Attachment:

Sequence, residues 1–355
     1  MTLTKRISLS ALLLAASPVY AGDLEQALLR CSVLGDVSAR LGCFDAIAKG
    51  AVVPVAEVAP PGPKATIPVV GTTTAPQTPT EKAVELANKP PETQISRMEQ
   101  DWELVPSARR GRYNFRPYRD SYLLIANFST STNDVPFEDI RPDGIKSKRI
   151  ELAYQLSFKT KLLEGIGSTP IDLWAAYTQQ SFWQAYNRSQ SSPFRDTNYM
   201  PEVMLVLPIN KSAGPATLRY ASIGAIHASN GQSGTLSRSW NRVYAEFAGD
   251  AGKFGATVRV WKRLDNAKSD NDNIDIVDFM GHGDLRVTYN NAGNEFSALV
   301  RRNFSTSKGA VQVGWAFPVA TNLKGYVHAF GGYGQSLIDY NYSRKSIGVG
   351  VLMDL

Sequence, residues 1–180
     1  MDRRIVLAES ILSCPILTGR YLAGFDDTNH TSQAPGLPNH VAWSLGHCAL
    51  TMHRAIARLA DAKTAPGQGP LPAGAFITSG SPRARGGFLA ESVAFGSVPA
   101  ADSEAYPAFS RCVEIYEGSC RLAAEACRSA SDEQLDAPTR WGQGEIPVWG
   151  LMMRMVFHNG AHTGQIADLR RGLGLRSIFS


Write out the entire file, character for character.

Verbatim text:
Sequence, residues 1–355
     1  MTLTKRISLS ALLLAASPVY AGDLEQALLR CSVLGDVSAR LGCFDAIAKG
    51  AVVPVAEVAP PGPKATIPVV GTTTAPQTPT EKAVELANKP PETQISRMEQ
   101  DWELVPSARR GRYNFRPYRD SYLLIANFST STNDVPFEDI RPDGIKSKRI
   151  ELAYQLSFKT KLLEGIGSTP IDLWAAYTQQ SFWQAYNRSQ SSPFRDTNYM
   201  PEVMLVLPIN KSAGPATLRY ASIGAIHASN GQSGTLSRSW NRVYAEFAGD
   251  AGKFGATVRV WKRLDNAKSD NDNIDIVDFM GHGDLRVTYN NAGNEFSALV
   301  RRNFSTSKGA VQVGWAFPVA TNLKGYVHAF GGYGQSLIDY NYSRKSIGVG
   351  VLMDL

Sequence, residues 1–180
     1  MDRRIVLAES ILSCPILTGR YLAGFDDTNH TSQAPGLPNH VAWSLGHCAL
    51  TMHRAIARLA DAKTAPGQGP LPAGAFITSG SPRARGGFLA ESVAFGSVPA
   101  ADSEAYPAFS RCVEIYEGSC RLAAEACRSA SDEQLDAPTR WGQGEIPVWG
   151  LMMRMVFHNG AHTGQIADLR RGLGLRSIFS